> --
> Erin White
> Web Systems Librarian, VCU Libraries
> (804) 827-3552 | [log in to unmask] <javascript:;> | www.library.vcu.edu
>
> On Wed, May 11, 2016 at 3:48 AM, Ben Companjen <[log in to unmask]
> <javascript:;>>
> wrote:
>
> > Hi Stuart,
> >
> > First thought (or what should have been my first thought): what
> problem(s)
> > are you trying to solve?
> > I sometime wish I had software that is better geared for service
> > management (including incident management, CRM and documentation), but in
> > our small organisation with three main services it has already been
> helpful
> > to structure the information differently and get it together in
> well-known
> > places. For the Dataverse service that I'm managing we use Google
> > Drive/Docs, ownCloud and JIRA.
> >
> > Incident and service request management is the most important
> > process/business function that I think would benefit from software
> support.
> > Emails, tasks and notes in various places aren't enough anymore to keep
> > track of problems and questions. JIRA helps a little, but not all
> requests
> > relate to software problems and I don't want to use it for every
> > simple-to-answer question.
> >
> > Have you asked your institution's IT service desk for suggestions? They
> > might be able to support when you choose the same software. Our IT uses
> RT
> > and seems happy with it. I'm hoping to get a queue for Dataverse-related
> > requests in their system.
> >
> > Hope this helps.
> >
> > Ben
> >
> >
> >
> >
> > On 10-05-16 23:42, "Code for Libraries on behalf of Stuart A. Yeates" <
> > [log in to unmask] <javascript:;> on behalf of [log in to unmask]
> <javascript:;>> wrote:
> >
> > >I’m looking for recommendations for software to run our much of our
> > >academic library back-of-house business-as-usual work. Things like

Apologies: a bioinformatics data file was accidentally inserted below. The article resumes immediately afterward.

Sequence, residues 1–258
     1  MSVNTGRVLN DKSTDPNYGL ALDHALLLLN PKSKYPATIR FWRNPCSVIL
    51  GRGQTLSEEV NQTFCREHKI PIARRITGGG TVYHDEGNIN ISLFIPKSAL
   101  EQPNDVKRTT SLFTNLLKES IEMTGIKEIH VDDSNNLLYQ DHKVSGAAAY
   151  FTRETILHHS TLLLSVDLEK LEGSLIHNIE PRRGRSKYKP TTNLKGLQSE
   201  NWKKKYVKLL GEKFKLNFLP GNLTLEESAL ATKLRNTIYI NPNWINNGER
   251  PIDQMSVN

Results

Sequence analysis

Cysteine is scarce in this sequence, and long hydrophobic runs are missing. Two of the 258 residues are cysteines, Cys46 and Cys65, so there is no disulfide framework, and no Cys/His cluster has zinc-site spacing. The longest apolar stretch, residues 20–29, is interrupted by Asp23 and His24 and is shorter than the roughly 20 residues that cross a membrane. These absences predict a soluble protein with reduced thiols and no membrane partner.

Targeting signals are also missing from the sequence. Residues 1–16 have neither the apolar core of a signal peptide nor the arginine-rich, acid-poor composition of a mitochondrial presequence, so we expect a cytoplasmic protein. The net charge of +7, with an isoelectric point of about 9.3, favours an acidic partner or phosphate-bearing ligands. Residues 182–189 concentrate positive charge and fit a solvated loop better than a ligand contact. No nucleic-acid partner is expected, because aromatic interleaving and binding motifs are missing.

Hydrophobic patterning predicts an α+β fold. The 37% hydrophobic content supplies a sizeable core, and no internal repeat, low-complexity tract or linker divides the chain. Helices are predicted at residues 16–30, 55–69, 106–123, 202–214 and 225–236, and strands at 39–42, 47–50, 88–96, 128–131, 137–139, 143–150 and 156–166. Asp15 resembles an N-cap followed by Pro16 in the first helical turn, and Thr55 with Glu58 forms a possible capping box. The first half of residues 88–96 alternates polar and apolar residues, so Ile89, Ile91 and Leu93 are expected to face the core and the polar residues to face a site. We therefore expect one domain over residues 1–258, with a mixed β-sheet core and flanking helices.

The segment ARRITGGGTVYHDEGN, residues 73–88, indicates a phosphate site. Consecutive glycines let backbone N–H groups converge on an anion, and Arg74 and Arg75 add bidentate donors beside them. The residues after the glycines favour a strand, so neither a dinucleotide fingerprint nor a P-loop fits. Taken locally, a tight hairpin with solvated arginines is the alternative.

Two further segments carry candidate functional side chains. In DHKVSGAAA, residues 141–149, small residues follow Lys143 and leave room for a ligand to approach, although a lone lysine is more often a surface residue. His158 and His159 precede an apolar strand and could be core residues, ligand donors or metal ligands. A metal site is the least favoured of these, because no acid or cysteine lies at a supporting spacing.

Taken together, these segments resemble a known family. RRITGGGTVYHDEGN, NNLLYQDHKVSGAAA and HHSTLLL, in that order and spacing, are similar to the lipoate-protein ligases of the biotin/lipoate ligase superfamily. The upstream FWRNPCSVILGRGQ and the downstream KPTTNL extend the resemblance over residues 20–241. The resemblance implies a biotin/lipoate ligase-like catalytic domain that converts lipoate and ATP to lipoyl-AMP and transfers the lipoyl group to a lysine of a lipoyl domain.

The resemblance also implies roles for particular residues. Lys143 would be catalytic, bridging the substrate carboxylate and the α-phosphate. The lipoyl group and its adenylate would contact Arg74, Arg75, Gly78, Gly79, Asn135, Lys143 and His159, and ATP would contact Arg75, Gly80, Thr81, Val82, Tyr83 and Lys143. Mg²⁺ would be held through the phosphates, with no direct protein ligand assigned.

> > incident
> > >management, CRM, documentation management, etc across three tiers of
> > >support.
> > >
> > >We’re looking for something more structured than a mediawiki wiki (which
> > >we’ve got) and probably less structured than full-blown ITIL. We’re
> happy
> > >with open source or proprietary,  self-hosted or cloud solution, but
> we’re
> > >not happy to pay the kinds of money that Alemba (formerly VMWare) are
> > >asking for vFire Core (formerly VMware Service Manager).
> > >
> > >We have library management system (ALMA), a discovery system (PRIMO), a
> > >website (httpd, drupal), a proxy (EZproxy) and a copyright management
> > >system (Talis Aspire). Our institution provides us with user management,
> > >physical access management, VM host, email and physical infrastructure.
> > >
> > >Thoughts?
> > >
> > >--
> > >...let us be heard from red core to black sky
> >
>
> ------------------------------
>
> Date:    Wed, 11 May 2016 08:45:56 -0600
> From:    Liz Woolcott <[log in to unmask] <javascript:;>>
> Subject: Join the discussion @ ALA Annual: ‘Diverse and inclusive
> metadata: Developing cultural competencies in descriptive practices’
>
> ***Apologies in advance for cross-posting***
>
> The ALCTS Metadata Interest Group (MIG) will be hosting two programs on
> “Diverse and inclusive metadata: Developing cultural competencies in
> descriptive practices” during the 2016 ALA Annual Meeting in Orlando,
> Florida in June.
>
> This event will include two sessions on diversity in metadata-related
> topics, one to take place on Saturday, June 25th from 10:30 to 11:30 and
> another to take place during the regular business meeting of the ALCTS
> Metadata Interest Group, on Sunday, June 26th at 8:30 am.
>
> More information about each presentation, including the presenter and
> specific presentation topics, can be found below or at the ALCTS Metadata
> Interest Group blog
> <
> http://www.alcts.ala.org/metadatablog/2016/03/join-the-discussion-ala-annual-diverse-and-inclusive-metadata-developing-cultural-competencies-in-descriptive-practices/
> >
> .
>
> Additional events and programming related to diversity has been compiled by
> the ALA Committee on Diversity (COD), along with the Office for Diversity,
> Literacy and Outreach Services (ODLOS) and is available here:
> https://sites.google.com/site/diversityrelatedevents/
>
>
> *****************************************************
>
> Program Details:
>
>
> *Saturday, June 25, 10:30am*
>
> ALCTS sponsored program
>
> Orange County Convention Center, Room W222
>
> View on the ALA 2016 scheduler: